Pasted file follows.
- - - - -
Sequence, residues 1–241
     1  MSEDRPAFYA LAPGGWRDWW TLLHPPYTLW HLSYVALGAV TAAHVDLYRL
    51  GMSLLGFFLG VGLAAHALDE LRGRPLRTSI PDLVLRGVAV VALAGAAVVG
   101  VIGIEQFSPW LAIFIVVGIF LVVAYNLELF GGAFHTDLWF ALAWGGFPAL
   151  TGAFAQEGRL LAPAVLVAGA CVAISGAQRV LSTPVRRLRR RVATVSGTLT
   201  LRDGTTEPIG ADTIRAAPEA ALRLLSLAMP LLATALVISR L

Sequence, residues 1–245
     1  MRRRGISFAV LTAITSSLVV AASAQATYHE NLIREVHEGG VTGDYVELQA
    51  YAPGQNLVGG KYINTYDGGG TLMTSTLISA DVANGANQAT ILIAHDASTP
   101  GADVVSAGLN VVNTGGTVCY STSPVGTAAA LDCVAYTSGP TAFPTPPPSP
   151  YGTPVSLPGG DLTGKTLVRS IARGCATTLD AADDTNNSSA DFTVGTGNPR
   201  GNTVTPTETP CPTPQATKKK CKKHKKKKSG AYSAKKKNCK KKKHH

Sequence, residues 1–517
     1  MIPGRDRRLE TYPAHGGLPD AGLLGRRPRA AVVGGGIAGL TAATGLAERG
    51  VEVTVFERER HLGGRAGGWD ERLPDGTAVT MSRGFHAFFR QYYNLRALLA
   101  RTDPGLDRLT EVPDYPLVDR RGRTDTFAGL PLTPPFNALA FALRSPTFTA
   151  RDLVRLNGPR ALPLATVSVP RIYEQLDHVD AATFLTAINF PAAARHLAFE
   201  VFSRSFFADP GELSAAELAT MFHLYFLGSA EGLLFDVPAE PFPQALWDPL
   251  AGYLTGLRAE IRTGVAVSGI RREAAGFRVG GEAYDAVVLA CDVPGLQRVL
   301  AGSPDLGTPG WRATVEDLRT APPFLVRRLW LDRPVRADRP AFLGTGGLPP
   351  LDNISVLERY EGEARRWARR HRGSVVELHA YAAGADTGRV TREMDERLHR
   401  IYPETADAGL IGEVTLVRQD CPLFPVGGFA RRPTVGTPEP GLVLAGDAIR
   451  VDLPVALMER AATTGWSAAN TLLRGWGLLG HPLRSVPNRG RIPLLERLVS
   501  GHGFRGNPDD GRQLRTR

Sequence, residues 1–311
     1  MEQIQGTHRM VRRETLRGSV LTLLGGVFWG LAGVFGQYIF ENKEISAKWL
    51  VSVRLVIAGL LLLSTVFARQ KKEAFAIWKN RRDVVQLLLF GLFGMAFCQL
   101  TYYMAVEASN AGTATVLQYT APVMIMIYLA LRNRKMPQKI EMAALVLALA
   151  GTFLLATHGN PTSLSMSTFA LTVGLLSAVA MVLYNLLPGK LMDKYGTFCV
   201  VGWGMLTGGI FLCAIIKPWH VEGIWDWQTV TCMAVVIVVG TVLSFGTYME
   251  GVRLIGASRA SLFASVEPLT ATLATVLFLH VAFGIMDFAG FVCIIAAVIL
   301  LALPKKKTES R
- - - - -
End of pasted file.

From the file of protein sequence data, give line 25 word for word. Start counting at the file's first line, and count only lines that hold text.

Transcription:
Sequence, residues 1–311